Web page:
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The views and opinions expressed in this column are those of the author and do not necessarily reflect the official view of the Queensland Rugby League.

“Your scientists were so preoccupied with whether or not they could, they didn't stop to think if they should.”

That line from Jeff Goldblum in Jurassic Park about the decision to reintroduce dinosaurs to the world is one of my all-time favourite movie quotes and its sentiment I have sampled many times over the past 20 years, most recently with regards to the introduction of technology to sport.

As video technology became more and more available, we explored ways in which to use it and assumed that by its use we could get all officiating 100% correct and therefore make sport an even richer experience.

But have we? Yes there are howlers that have been eliminated from almost all televised sport, but at what cost? Have we tampered with sport’s very essence in search of a perfection that simply doesn’t exist?

The Oxford Dictionary defines ‘sport’ as “an activity involving physical exertion and skill in which an individual or team competes against another or others for entertainment”. It's not supposed to be perfect; its literal purpose is to entertain.

This year in the Intrust Super Cup we have witnessed the introduction of the two-referees system for the Channel 9 televised match of the round, going part way to falling in line with what happens across all eight games in the NRL each week.

Head to QRL Live for the game day teams and to follow the scores

For Queensland-based referees with aspirations of officiating at the highest level exposure to working in a two-person system can only be beneficial for their careers and help them in their transition to the NRL should they be invited to take that next step.

But as I watched Sunday's game between Souths Logan and Ipswich, I again questioned whether we were doing the right thing by the game.

To me, a large part of what makes the Intrust Super Cup so endearing to fans and entertaining to watch is that it harks back to the days of the 1980s and 1990s when teams had their own unique styles and decisions were left to one official with a whistle.

In my view it is its imperfections that make the Intrust Super Cup so perfect.

Players, referees and even coaches make mistakes, but at the end of 80 minutes everyone shakes hands and we look forward to next week.

Even though a subsequent review cleared the try, I had no doubt in my mind that Marmin Barba bounced the ball as he crossed in the left-hand corner to score his second try against the Magpies last Sunday. But if the referee had simply pointed to the spot, blew his whistle and awarded the try we all – including me – would have moved on.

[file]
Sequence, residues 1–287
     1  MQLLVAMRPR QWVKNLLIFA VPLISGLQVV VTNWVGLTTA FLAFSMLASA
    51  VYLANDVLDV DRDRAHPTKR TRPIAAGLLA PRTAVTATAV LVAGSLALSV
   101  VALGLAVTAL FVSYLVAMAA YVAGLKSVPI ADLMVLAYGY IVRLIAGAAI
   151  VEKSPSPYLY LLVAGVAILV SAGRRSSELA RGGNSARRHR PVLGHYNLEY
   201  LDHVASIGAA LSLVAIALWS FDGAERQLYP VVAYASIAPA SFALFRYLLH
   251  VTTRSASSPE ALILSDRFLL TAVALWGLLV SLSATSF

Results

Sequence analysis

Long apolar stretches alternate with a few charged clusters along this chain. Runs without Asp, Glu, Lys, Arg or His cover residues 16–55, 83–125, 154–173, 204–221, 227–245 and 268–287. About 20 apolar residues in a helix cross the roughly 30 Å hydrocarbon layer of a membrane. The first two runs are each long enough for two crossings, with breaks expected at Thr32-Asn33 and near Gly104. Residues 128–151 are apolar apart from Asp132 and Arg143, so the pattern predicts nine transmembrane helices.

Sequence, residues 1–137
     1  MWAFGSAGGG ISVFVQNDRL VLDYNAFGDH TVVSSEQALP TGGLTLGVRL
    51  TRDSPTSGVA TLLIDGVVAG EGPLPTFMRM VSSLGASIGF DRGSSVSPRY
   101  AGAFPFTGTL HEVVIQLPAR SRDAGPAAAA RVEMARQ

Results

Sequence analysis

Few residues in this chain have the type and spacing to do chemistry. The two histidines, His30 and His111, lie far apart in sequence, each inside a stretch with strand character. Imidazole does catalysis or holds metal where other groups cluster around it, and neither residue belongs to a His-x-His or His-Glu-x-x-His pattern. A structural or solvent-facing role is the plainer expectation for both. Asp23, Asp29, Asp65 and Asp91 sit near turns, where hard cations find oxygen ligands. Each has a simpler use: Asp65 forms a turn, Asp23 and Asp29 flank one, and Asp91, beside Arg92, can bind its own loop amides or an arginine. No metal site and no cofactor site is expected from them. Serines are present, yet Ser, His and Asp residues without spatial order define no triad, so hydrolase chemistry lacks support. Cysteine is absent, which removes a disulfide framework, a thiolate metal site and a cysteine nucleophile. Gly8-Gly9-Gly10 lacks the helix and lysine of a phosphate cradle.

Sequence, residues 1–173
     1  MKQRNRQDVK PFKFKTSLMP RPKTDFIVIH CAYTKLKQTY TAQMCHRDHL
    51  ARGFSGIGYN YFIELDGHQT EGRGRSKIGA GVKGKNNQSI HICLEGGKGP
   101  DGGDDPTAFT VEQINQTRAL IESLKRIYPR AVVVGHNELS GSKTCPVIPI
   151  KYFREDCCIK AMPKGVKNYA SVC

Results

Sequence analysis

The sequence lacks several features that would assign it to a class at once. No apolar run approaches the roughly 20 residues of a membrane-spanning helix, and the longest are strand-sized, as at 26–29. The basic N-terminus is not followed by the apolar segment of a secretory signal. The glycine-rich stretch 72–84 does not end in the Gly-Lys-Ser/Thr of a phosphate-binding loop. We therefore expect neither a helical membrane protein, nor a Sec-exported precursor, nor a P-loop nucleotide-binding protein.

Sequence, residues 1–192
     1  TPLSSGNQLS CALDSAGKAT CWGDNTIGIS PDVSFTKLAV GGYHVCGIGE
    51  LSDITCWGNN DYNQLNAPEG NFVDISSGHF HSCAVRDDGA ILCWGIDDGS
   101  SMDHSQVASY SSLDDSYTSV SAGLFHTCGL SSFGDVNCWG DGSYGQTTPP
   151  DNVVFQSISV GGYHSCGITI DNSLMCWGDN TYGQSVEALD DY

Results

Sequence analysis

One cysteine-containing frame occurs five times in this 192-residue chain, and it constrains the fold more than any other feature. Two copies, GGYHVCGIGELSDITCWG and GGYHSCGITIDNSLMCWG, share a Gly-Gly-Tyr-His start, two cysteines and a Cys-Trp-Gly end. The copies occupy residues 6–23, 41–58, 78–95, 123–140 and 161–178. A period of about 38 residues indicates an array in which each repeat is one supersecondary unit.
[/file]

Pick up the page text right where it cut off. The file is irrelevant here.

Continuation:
But instead he sent the decision upstairs as a “no try” ruling and after review, had the video referee confirm the on-field decision and award a try. Confused? So was I. It was like watching my Dad trying to pre-program channels in the VCR we bought when I was a kid. We loved the idea of this new technology, we just weren't exactly sure how best to use it.

The referee review found that the video ref in question simply got his wording mixed up in that instance which if anything reinforces the need for use of such technology wherever possible and by as many officials as possible so that we become more fluent in its application.

The great Roy Masters – in my opinion the greatest at articulating rugby league's nuances in written word – opined this week in the Sydney Morning Herald that the introduction of the NRL Bunker (which I happen to think is a great innovation) could make referees themselves an “endangered species”.

He speaks of the May Test match between Australia and New Zealand – which will be officiated by one referee under international rules – as a test case for how one sole on-field official can work effectively with the eyes upstairs.

We can’t and won’t go backwards when it comes to technology, but I sincerely hope that in our search for perfection we don't lose sight of what made this the greatest game of all in the first place.

A former editor of Big League, Tony Webeck is the Chief Queensland Correspondent for